PAR reviews BioShock Infinite: Down in the river to pray
BioShock Infinite is a game about relationships, and how we define ourselves and those around us based on those relationships. Identity is a fluid thing, and it can change based on the people in our lives, what we want from them, and what we’re willing to do to get those things. The game is a collage of fascinating relationships, and they shift and change as you guide Booker DeWitt and Elizabeth through danger.
The setup is simple: DeWitt is a man with a violent past and considerable debts. All he has to do is find a girl, and deliver her safely to those with deep pockets. In return, his past transgressions will be forgiven. The job is a means to an end, and to perform it he must travel to the floating city of Columbia. We know how these stories end; DeWitt will begin to care for Elizabeth as they spend time together, and his allegiances will be adjusted. He will change from being an abductor to a protector. He will grow as a person.
That’s the expected story arc. The reality is much darker, and more complex.
You’ll spend a significant amount of time exploring Columbia, and the city is reminiscent of main street in Disney World. Columbia feels like a painting of a time that is hopelessly idealized, complete with barbershop quartets, couples dressed in fine clothes gently flirting, and picnics enjoyed in the shadow of statues of notable men. The buildings move across the sky, connecting and disconnecting to and from each other on a set schedule. It’s an awe-inspiring sight, especially on a powerful computer. This is the power of a well-funded AAA game: The ability to show you something you have never seen before.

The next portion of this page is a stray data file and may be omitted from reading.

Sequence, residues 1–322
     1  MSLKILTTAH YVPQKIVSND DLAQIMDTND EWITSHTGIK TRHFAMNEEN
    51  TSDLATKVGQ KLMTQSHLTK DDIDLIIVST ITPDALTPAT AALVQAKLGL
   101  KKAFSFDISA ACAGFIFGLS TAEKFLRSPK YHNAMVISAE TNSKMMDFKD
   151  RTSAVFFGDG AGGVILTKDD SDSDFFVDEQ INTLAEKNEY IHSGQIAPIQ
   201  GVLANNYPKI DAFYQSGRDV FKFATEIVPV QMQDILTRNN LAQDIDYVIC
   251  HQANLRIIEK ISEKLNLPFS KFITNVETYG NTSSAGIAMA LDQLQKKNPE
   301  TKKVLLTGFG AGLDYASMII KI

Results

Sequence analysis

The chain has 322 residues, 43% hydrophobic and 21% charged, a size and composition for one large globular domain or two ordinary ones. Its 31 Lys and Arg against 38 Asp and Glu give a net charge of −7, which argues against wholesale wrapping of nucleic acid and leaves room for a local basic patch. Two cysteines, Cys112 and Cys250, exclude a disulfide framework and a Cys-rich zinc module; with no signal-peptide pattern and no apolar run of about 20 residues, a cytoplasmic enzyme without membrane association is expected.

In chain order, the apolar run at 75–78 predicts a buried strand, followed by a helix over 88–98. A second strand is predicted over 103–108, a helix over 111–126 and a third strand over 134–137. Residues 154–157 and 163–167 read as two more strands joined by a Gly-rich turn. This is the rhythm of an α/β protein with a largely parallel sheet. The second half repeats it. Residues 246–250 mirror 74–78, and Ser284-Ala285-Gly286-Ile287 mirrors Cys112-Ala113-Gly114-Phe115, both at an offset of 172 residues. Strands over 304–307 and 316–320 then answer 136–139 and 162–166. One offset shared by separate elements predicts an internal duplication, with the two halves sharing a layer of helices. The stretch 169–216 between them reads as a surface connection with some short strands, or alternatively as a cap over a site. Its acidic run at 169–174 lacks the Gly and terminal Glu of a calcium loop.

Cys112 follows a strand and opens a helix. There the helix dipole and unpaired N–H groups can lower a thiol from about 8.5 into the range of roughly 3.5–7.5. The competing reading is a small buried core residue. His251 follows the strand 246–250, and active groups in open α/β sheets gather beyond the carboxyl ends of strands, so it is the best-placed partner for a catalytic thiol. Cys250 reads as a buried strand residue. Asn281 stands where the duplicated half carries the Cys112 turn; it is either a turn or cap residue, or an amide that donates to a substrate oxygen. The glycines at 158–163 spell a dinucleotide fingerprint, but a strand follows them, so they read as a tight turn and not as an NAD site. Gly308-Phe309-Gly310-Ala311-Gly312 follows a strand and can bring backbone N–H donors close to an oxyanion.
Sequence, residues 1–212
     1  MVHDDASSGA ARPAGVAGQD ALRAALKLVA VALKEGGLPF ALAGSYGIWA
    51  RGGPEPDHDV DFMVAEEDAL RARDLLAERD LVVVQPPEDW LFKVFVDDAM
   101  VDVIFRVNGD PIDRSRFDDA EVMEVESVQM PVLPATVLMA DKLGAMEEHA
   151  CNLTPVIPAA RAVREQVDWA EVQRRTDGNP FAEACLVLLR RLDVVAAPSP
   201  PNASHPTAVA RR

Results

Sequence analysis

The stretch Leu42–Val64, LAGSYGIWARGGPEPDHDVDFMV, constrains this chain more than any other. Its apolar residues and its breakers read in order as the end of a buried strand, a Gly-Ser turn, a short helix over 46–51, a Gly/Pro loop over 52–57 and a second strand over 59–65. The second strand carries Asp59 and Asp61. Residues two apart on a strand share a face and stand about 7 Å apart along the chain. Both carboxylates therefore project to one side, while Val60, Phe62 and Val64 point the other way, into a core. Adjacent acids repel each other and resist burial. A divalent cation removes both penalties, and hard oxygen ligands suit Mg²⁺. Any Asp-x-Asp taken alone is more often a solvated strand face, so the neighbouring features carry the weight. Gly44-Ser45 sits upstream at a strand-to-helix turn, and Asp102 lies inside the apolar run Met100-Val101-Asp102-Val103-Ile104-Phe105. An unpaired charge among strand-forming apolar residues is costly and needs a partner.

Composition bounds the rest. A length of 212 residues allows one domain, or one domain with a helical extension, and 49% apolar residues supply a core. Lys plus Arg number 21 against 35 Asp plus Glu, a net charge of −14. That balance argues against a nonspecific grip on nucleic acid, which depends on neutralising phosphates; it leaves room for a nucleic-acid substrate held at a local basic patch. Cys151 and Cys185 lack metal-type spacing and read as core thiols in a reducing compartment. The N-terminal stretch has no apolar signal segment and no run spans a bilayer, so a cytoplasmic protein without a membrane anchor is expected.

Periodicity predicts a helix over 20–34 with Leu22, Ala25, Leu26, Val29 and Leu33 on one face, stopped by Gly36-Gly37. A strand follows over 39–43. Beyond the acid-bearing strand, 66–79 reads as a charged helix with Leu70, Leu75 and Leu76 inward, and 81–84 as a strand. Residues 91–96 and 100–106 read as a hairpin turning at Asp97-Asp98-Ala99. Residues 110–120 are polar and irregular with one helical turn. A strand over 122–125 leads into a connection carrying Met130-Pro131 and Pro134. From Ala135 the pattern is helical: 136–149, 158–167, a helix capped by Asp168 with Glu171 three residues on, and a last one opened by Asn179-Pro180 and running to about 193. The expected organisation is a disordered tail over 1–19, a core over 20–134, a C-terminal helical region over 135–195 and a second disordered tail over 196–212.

This is the stuff of classic science fiction. If a town looks and seems too good to be true, it usually is. You’ll begin to see the cracks in this particular society once you win a raffle, and are given your prize. This begins DeWitt’s run from the law, and his path towards Elizabeth.